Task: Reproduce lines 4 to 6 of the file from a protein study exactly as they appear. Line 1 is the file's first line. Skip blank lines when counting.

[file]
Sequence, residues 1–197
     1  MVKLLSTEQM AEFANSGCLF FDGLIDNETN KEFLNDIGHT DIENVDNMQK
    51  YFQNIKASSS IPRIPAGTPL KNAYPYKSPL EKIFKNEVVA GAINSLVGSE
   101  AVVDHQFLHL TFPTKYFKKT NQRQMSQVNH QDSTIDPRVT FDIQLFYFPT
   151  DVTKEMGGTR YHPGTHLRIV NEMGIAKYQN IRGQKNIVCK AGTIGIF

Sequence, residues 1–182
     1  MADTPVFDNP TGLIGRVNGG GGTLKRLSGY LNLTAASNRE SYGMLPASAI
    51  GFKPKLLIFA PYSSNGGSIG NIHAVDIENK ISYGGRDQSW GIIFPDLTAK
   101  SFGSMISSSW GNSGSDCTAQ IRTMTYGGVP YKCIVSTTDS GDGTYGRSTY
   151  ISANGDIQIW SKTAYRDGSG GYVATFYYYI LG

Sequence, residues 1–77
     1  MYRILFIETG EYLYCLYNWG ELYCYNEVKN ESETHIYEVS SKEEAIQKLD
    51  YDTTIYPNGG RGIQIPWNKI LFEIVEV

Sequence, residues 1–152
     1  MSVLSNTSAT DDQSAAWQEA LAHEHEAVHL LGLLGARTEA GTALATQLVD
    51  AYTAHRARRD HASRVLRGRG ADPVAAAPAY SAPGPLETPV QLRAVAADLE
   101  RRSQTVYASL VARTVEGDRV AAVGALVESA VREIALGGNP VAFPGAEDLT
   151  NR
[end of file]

   101  AVVDHQFLHL TFPTKYFKKT NQRQMSQVNH QDSTIDPRVT FDIQLFYFPT
   151  DVTKEMGGTR YHPGTHLRIV NEMGIAKYQN IRGQKNIVCK AGTIGIF

Sequence, residues 1–182